Can you reverse diabetes?
Professor Stephen Wheatcroft discusses whether it's possible to reverse diabetes, and the steps you can take to slow down its progression.
Lifestyle changes play an important part in diabetes control. “Weight loss (if you’re overweight) coupled with physical exercise are vitally important,” says Dr Stephen Wheatcroft, who leads BHF-funded diabetes studies at the University of Leeds. “It may not reverse the diabetes, but it will certainly make it much easier to control.”
The problems that diabetes causes to the cardiovascular system take years to develop
As people with diabetes get older, glucose control becomes increasingly difficult. But that’s no reason to give up eating a healthy diet or doing physical activity – these things can slow down the progression of your diabetes.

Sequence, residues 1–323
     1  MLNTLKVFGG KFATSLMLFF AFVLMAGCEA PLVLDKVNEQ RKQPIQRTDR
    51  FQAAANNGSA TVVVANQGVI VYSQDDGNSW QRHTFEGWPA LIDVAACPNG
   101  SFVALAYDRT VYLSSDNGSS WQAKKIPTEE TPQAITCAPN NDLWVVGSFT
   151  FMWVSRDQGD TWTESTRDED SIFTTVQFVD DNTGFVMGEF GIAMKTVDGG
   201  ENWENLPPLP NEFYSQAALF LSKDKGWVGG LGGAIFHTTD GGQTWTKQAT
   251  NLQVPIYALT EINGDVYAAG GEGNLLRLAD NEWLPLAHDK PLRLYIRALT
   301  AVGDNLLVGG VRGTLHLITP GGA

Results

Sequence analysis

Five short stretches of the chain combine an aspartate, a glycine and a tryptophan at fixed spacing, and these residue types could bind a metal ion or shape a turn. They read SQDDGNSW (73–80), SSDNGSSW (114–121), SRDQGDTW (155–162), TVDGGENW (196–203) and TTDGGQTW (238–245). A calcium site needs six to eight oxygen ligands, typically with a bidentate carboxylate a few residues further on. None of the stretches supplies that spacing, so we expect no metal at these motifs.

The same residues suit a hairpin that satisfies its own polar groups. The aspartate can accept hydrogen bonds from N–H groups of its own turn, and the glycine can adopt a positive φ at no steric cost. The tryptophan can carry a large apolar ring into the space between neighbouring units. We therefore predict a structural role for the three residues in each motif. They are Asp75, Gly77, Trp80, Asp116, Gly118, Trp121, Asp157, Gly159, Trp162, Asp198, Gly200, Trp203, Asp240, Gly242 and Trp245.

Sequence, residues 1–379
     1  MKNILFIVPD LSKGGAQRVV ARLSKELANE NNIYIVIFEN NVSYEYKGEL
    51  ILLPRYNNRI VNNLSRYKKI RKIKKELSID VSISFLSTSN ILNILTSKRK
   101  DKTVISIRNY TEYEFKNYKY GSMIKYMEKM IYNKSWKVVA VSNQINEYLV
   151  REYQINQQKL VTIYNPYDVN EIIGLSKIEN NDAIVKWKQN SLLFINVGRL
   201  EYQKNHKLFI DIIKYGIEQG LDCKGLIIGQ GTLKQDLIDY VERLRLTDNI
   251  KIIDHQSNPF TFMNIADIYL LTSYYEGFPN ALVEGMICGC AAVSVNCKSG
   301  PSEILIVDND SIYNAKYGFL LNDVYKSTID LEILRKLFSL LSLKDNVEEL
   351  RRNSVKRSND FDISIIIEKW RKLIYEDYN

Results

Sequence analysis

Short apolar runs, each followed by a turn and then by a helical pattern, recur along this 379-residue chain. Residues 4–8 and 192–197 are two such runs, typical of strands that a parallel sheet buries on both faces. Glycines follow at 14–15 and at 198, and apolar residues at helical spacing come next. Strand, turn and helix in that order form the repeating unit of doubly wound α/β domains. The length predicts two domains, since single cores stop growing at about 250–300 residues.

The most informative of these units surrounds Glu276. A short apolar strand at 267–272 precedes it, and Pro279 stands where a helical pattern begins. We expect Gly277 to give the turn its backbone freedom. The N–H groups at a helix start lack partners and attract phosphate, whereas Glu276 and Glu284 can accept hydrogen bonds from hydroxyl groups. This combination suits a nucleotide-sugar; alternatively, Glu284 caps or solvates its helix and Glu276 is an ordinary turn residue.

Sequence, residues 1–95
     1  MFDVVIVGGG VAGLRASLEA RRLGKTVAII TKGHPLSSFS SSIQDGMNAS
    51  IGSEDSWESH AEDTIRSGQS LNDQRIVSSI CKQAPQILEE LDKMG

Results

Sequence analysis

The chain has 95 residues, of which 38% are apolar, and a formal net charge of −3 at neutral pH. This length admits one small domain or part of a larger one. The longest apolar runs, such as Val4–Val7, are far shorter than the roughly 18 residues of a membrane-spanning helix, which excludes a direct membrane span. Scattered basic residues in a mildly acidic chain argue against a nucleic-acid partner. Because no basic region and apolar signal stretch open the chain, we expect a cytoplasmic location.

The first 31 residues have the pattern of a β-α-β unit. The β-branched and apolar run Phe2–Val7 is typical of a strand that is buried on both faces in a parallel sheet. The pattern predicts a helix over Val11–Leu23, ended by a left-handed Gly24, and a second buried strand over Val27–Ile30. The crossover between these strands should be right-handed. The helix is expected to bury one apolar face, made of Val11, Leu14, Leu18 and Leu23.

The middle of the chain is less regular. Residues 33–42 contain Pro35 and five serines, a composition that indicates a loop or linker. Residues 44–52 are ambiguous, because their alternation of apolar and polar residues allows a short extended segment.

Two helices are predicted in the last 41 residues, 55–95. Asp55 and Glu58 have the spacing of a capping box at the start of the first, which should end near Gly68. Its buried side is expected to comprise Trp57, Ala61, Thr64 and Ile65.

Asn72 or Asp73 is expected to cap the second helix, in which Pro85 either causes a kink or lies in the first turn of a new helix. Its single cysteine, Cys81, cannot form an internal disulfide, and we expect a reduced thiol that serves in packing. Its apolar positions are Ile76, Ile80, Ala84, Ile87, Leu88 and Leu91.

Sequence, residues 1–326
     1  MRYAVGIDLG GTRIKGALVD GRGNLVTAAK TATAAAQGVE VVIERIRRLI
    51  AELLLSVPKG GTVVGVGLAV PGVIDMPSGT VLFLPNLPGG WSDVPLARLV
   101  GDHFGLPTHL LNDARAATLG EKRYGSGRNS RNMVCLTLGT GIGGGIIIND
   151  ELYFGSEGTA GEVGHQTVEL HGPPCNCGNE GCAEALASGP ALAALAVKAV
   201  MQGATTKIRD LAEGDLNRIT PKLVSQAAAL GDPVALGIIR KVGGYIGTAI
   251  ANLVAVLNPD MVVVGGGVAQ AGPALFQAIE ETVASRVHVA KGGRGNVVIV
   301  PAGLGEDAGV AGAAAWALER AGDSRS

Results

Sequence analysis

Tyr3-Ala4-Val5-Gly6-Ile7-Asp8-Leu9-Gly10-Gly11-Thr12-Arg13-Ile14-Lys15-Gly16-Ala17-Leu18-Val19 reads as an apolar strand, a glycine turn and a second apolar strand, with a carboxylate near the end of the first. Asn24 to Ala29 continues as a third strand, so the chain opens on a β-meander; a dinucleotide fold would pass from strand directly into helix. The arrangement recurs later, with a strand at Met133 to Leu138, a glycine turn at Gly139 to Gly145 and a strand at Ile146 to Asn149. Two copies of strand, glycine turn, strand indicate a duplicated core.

“What you can focus on is reversing the harmful effects of diabetes on health, and also trying to delay or prevent progression of the diabetes itself – so you avoid needing to take more medication or needing to move on to insulin,” says Dr Wheatcroft.
“It is possible to reverse the detrimental effects of diabetes on risk of heart disease, in particular. However, that’s probably a long-term aim, because the problems that diabetes causes to the cardiovascular system take years to develop.”
Taking this long-term outlook involves permanent lifestyle changes. Dr Wheatcroft suggests setting yourself “achievable goals”.